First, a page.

Power – having an uninterruptible, clean supply of power is essential to most data centres however many units, particularly if they are over three years, can have high levels of inefficiency. Ask the questions; how old is our UPS and what level of efficiency is it operating at? Swapping to a 99% efficient UPS may have a return on investment of less than a year depending on the size of your data centre.
Cooling – after the hardware itself the cooling system is generally the biggest consumer of power within a data centre. By extending the environmental ranges, such as temperature and relative humidity, your cooling infrastructure will have to do less work, in turn using less energy. Often airflow issues will need to be addressed before raising air-on temperatures to negate the risk of hot spots. The basic rule for this is to segregate the supply and return air as best as possible. Aisle containment can often provide a cost effective solution. (for more information on aisle containment follow this link…)
Commissioning – make sure everything is set up correctly to your specific design and environmental requirements, i.e. it’s no good buying hardware that operates at an air-on temperature of 28°C if then the commissioning engineer sets the air-on temperature of the air handling units to 21°C. This sounds painfully obvious but if the Hardware and Mechanical Teams don’t have an opportunity to work together it happens, and we see it regularly. Commissioning a system correctly, and especially a system with free cooling, can make a huge difference to its operational running costs.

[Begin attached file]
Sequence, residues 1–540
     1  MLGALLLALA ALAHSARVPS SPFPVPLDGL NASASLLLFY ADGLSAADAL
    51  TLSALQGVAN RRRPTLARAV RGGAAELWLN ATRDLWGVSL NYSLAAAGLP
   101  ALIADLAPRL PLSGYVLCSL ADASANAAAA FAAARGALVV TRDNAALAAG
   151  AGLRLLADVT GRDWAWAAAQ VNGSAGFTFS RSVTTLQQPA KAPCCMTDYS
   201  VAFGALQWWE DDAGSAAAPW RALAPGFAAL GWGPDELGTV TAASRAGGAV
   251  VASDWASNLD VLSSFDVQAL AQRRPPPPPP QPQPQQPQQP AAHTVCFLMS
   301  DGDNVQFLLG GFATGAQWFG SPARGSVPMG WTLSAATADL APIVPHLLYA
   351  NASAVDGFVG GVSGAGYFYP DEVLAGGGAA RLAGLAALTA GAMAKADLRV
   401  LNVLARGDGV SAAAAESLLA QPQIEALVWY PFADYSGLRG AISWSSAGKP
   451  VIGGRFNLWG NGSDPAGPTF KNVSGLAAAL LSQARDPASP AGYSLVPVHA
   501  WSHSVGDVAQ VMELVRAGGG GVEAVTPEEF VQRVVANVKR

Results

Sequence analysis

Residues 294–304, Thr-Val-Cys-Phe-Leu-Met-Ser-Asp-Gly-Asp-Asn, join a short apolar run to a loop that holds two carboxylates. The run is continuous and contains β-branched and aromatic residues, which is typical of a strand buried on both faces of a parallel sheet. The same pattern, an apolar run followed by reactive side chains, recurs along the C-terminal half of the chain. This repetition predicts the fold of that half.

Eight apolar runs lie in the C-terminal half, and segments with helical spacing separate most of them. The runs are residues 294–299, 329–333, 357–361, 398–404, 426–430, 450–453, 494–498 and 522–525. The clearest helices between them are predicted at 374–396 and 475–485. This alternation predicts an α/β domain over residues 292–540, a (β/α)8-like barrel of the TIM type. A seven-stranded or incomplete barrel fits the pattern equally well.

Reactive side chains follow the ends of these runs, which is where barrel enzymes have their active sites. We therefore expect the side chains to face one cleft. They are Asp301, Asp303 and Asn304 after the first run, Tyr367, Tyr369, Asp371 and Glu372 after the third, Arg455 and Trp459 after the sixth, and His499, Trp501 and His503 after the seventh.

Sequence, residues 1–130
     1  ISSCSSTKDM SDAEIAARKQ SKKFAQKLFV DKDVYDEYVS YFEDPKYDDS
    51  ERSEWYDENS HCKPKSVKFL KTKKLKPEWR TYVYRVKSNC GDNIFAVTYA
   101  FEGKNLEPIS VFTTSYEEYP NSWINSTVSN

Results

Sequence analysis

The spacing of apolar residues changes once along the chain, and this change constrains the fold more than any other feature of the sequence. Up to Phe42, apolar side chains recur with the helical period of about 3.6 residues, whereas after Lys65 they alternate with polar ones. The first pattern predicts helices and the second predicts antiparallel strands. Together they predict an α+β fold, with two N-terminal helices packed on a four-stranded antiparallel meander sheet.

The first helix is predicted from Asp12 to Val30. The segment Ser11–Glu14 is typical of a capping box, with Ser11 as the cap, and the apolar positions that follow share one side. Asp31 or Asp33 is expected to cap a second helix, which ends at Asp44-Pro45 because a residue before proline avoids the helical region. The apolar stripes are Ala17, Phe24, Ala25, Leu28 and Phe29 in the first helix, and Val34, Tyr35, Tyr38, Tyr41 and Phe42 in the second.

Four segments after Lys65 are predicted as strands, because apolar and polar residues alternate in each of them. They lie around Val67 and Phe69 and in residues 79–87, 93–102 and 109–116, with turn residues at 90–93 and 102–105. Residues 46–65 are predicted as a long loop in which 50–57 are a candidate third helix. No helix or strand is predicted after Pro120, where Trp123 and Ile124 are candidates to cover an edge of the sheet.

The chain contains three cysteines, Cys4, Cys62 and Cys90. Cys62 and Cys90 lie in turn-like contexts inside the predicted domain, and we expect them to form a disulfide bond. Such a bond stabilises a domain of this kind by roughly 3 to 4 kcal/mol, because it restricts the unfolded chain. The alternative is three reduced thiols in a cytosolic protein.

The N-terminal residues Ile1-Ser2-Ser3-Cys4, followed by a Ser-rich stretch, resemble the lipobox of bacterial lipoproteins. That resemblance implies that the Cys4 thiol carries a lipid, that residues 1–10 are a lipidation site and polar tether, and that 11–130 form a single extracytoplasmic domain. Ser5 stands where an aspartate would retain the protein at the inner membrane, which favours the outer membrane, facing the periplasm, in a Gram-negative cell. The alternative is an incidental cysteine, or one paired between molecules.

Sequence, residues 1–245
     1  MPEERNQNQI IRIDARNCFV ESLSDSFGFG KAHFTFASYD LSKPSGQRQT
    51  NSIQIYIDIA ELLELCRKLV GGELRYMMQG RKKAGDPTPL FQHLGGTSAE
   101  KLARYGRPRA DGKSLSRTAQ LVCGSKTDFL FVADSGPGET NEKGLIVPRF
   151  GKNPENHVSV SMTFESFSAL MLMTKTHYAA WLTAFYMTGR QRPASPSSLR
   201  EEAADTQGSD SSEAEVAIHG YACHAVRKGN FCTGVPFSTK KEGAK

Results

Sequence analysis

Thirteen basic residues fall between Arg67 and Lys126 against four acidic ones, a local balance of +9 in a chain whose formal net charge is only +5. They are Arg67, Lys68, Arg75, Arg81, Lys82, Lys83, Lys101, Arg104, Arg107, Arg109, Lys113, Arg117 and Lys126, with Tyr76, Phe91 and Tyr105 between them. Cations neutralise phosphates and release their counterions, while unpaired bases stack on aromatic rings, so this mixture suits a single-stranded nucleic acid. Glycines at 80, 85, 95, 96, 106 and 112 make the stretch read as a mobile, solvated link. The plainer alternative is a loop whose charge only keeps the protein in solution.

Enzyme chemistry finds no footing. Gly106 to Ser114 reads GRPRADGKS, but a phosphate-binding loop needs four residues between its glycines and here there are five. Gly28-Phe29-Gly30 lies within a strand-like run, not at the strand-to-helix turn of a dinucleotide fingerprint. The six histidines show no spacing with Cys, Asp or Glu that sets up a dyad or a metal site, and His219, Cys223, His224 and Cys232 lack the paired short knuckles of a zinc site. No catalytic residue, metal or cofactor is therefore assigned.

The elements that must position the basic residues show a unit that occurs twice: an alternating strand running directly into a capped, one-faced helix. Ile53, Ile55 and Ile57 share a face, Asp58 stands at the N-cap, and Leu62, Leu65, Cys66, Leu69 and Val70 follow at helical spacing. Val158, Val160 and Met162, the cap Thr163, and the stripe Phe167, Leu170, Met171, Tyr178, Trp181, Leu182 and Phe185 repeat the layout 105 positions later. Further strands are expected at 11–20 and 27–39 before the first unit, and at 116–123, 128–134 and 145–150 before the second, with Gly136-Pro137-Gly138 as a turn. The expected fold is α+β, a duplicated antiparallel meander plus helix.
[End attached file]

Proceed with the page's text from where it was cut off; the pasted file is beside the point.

Maintenance – a regular, well structured maintenance schedule offers three major benefits; first any potential problems with equipment can often be identified before they become a problem, reducing risk and the interruption of services. Second, upgrades to equipment software become available and these often allow units to operate more efficiently, this is particularly relevant for UPSs where a simple software upgrade may make a 10% difference in energy efficiency. Thirdly, people working in the data centre may “fiddle” with settings on units, particularly air handling units, because they feel a “hot” spot or believe the system is operating incorrectly. These changes may cause problems that are counter intuitive, such as turning the fan speed up on an air handling unit to reduce a hot spot in front of a particular cabinet may actually make the hot spot worse.
SLA’s for hardware support – if you have hardware that runs at wide temperature and humidity ranges make sure your support SLA’s accurately reflect this. Some support SLA’s require environmental ranges far tighter than the hardware itself requires.
In conclusion the EU Code of Conduct for Data Centre Energy Efficiency is an excellent well thought out document. It will help data centre owners and operators with existing facilities as well as help those who are planning a new build or refurbishment project.
If you would like to sign up to the Code or improve your data centres energy efficiency by embracing its best practice principle contact firstname.lastname@example.org or complete this form.